Monday, April 28, 2008

A tribute to 1799 S189

The inspiration for this posting comes from the latest addition to my collection of early cents. This humble copper coin, dated 1799 marks the end of my 3-year-long quest to upgrade this date. It is a coin that anyone with familiarity in this series can appreciate, both for its simple beauty, and for its outstanding rarity (in nice condition).

This is not my first 1799 - actually, it is the 5th one I have owned. What sets this coin apart from all the others (besides the price, which was considerable) is:
1. The quality of the planchet - smooth medium chocolate brown. The sort of surfaces that are normal on any cent from the 20th century, but not at all common in the 18th century, and decidedly scarce in 1799.
2. The strong date - as a large cent specialist will tell you, with a 1799 Sheldon-189, you generally get your choice of a "strong date" or a strong LIBERTY". The axial misalignment of the dies generally assured that no coins were stuck that year with BOTH the date & the word LIBERTY strong. This coin has an exceptionally strong date and correspondingly weak LIBERTY. I prefer this to the alternative.
3. The REV die chip. Not every 1799 Sheldon-189 exhibits the triangular shaped die-chip on the reverse, between the words ONE & CENT. At some point in the REV die's life, this chip was ejected from the steel die, and all subsequently-made coins show this small die chip. It is one of the "hallmarks" of a genuine 1799 (some coins also show some die crumbling at the dentilation on the rim between the word "OF" and the word "AMERICA". This coin does not show the rim crumbling well, but it is often visible on late-state coins).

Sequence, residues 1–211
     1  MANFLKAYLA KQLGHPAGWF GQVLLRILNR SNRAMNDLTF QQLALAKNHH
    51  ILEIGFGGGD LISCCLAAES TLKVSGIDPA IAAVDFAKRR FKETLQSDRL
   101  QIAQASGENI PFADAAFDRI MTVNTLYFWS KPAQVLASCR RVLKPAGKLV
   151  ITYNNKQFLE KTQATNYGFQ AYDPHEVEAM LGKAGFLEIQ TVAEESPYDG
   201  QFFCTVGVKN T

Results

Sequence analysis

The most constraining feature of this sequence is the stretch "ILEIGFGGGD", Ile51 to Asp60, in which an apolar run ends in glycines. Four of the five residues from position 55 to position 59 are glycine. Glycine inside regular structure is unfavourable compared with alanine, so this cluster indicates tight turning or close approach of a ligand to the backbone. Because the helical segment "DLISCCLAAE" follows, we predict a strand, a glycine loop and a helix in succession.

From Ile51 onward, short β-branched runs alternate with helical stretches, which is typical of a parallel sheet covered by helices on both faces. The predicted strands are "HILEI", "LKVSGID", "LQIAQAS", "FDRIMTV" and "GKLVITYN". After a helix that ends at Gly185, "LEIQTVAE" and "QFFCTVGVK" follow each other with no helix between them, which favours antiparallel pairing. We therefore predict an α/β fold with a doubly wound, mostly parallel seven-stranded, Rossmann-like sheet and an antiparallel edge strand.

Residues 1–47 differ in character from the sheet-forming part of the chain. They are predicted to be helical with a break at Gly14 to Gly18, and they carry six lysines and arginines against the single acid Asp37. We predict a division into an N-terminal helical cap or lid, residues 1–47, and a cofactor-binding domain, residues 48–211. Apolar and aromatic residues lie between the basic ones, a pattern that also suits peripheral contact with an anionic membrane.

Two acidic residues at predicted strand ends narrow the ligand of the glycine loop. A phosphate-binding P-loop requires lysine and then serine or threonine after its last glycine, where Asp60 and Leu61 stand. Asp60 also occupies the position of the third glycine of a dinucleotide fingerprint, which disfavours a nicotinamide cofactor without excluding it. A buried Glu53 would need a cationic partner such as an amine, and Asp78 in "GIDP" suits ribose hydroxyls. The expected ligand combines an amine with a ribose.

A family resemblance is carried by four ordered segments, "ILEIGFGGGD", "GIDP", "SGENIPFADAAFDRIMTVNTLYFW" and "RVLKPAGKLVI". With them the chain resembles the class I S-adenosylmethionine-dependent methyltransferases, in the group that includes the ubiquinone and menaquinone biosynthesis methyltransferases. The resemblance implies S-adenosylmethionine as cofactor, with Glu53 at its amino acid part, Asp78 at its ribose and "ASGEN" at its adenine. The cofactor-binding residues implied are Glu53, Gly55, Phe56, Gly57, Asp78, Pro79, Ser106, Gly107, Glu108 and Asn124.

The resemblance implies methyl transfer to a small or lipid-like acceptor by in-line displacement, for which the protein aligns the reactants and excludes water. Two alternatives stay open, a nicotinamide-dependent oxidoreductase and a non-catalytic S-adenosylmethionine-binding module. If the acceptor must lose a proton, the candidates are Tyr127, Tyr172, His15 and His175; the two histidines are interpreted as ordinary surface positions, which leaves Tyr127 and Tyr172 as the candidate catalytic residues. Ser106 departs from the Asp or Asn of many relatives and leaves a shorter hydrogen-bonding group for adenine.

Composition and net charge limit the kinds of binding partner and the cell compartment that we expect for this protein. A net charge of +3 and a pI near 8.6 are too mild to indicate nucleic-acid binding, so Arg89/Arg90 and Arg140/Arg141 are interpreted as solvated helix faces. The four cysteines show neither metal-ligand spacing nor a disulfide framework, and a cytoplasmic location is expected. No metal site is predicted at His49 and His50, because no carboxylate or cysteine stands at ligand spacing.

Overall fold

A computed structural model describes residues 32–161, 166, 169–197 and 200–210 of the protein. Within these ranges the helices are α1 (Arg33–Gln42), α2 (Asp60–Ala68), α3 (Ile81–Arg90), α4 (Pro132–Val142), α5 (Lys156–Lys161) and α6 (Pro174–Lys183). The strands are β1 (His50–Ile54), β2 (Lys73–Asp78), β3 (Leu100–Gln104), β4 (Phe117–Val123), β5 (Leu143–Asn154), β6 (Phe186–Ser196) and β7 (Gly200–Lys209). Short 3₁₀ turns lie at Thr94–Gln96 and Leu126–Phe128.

There are just two varieties of 1799 American large cents available to collectors, and both of them are very scarce. The famous overdate (S188) is R4 (with an estimated extant population of less than 200 coins), while the normal date (S189) is R2 (with a total population estimate of 600 to 2000 coins).

A genuine 1799 cent (any variety, in any condition) represents the Mt. Everest of most large cent collections. Among all early-date (1793-1814) large cents, there are other particular varieties that are more rare (for example, the 1794 S15). However, if one is building a large cent date collection, there are common varieties available for almost every date (including 1794). The glaring exceptions are 1799 & 1804. 1804 cents are scarce. The things that differentiate 1804 and 1799 (in my opinion) are the quality of the copper and the quality of the strike. An 1804 cent has a good chance of being struck on an average (or better) planchet, while a 1799 most likely will have poor surface quality. Likewise, an 1804 cent will have a high probability of being well struck, while a 1799 has only a 50/50 chance (at best) of a decent strike.

When it comes to 1799 large cents, there are a lot more frogs to kiss than handsome princes!

I am not done collecting large cents. I may (one day) obtain a rarer coin than this one. I also might one day buy a coin that costs more than this one. However, this coin has done two things for me, simultaneously:
> It has enabled me to complete my large cent date set, with every coin in reasonable condition.
> It has enabled me to say I am now a "serious collector" (by current $ standards).